The text, titled The United States Tax Court – An Historical Analysis, is an expanded second edition of the seminal Tax Court history published by Professor Harold Dubroff in the late 1970s. Dubroff’s edition was written shortly after Congress established the Tax Court as a court of record under Article I of the Constitution.  The Tax Court commissioned Hellwig to update Dubroff’s work in light of the considerable expansion in the Tax Court’s statutory jurisdiction in recent years.

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June 9, 2015 in Book Club, Scholarship, Tax | Permalink | Comments (0)

Federal Taxation Of Non-resident Aliens' Wagering Gains From Slot Machines

Denis M. McDevitt, Michael D. McDevitt (Hancock & Dana, Omaha), & Drew M. BouchardMr. Park Goes to D.C.: Federal Taxation of Non-resident Aliens' Wagering Gains from Slot Machines and the Per Session Rule, 48 Creighton L. Rev. 65 (2014):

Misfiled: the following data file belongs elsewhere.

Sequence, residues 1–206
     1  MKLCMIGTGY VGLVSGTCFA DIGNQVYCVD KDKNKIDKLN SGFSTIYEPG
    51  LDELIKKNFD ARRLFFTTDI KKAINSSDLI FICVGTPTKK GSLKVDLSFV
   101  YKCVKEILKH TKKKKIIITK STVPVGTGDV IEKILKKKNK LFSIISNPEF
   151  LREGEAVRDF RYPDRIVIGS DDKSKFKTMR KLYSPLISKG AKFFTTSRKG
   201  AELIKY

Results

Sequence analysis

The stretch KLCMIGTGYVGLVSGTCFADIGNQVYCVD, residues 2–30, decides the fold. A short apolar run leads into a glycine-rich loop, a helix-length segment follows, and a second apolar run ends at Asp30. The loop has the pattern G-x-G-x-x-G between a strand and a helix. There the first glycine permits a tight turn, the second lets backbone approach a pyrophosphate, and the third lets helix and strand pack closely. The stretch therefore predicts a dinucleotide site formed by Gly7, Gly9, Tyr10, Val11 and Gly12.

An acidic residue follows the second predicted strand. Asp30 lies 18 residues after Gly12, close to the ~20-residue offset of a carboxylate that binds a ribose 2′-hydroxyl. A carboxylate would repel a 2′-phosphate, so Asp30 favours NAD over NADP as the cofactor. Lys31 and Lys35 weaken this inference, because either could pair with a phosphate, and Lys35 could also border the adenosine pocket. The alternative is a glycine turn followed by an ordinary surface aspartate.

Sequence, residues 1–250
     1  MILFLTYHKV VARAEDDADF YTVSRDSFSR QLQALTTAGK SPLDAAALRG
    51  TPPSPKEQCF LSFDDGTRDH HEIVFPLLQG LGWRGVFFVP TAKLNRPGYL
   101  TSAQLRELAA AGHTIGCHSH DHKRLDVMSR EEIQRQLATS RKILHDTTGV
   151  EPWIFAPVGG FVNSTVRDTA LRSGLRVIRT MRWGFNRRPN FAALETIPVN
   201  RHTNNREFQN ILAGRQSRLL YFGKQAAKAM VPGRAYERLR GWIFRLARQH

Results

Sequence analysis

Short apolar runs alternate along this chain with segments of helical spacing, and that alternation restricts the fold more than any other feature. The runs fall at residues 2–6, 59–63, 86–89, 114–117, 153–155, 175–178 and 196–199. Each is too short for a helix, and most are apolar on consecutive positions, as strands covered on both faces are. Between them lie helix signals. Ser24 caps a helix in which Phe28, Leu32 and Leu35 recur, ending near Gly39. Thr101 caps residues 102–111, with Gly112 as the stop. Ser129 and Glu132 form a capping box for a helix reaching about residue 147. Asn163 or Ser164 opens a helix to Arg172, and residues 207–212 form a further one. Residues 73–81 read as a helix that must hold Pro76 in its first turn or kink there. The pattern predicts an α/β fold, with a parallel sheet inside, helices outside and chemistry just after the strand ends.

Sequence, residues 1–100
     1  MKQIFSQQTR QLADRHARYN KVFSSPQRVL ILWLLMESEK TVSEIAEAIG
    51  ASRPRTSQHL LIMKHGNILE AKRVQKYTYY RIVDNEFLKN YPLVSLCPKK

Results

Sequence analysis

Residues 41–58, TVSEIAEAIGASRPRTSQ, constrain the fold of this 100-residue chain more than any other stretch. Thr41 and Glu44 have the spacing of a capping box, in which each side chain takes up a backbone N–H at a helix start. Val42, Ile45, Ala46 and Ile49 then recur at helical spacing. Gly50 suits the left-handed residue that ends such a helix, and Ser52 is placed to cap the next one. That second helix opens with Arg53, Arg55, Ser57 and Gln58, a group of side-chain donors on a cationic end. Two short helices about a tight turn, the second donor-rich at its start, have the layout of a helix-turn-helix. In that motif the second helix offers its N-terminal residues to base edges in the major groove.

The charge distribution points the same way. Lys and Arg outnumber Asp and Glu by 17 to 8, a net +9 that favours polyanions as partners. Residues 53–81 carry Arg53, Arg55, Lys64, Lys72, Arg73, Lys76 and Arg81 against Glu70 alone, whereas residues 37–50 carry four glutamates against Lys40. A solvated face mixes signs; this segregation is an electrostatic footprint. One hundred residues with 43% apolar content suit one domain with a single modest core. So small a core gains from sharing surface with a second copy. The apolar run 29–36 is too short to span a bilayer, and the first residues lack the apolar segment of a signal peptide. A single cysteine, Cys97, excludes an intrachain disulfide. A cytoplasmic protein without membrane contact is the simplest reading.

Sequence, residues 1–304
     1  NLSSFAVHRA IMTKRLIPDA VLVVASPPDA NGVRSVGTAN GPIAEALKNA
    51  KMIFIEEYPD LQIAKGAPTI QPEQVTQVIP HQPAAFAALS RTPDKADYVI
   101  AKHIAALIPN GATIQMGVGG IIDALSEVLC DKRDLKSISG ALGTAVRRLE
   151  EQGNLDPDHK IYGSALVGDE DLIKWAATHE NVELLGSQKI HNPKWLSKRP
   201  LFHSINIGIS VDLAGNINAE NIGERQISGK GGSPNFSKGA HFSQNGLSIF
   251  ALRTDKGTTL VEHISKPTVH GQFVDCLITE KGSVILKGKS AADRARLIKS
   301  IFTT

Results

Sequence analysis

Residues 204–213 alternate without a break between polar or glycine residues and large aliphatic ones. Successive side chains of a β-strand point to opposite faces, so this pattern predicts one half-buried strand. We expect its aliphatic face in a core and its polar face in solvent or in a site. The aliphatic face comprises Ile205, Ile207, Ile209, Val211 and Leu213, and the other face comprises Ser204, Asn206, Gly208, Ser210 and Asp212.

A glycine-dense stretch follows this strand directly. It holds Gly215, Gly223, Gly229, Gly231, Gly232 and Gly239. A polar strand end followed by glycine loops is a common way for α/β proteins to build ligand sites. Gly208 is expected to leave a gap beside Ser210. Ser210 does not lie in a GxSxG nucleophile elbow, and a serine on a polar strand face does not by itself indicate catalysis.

Nonresident alien individuals who visit the United States and play slot machines in a state where slots are legal have always been subject to tax at a thirty percent rate, unless exempted by treaty, on *66 their U.S. source wagering gains as defined by I.R.C. § 871(a)(1)(A). This tax is enforced by a withholding system that requires casinos to withhold thirty percent of each slot jackpot of $1,200 or more and remit those funds to the United States government. The definition of wagering gains was first addressed in Barba v. United States. The Barba case instituted the per-bet rule that defined wagering gains to be equal to gross winnings taxable under I.R.C. § 871(a). Under the per-bet rule, all wagers and wagering losses were never considered in calculating the amount of tax due. The per-bet rule ignored the fact that gambling is by nature a series of individual bets and had the practical result that no foreign slot player could ever recover any of the taxes withheld by the casino on their jackpots. Between 1983 and 2011, no taxpayer ever questioned the per-bet rule and it was not until the case of Sang Park v. Commissioner, a case recently decided by the United States Court of Appeals for the District of Columbia Circuit, that a court revisited the issue of defining wagering gains for purposes of I.R.C. § 871(a).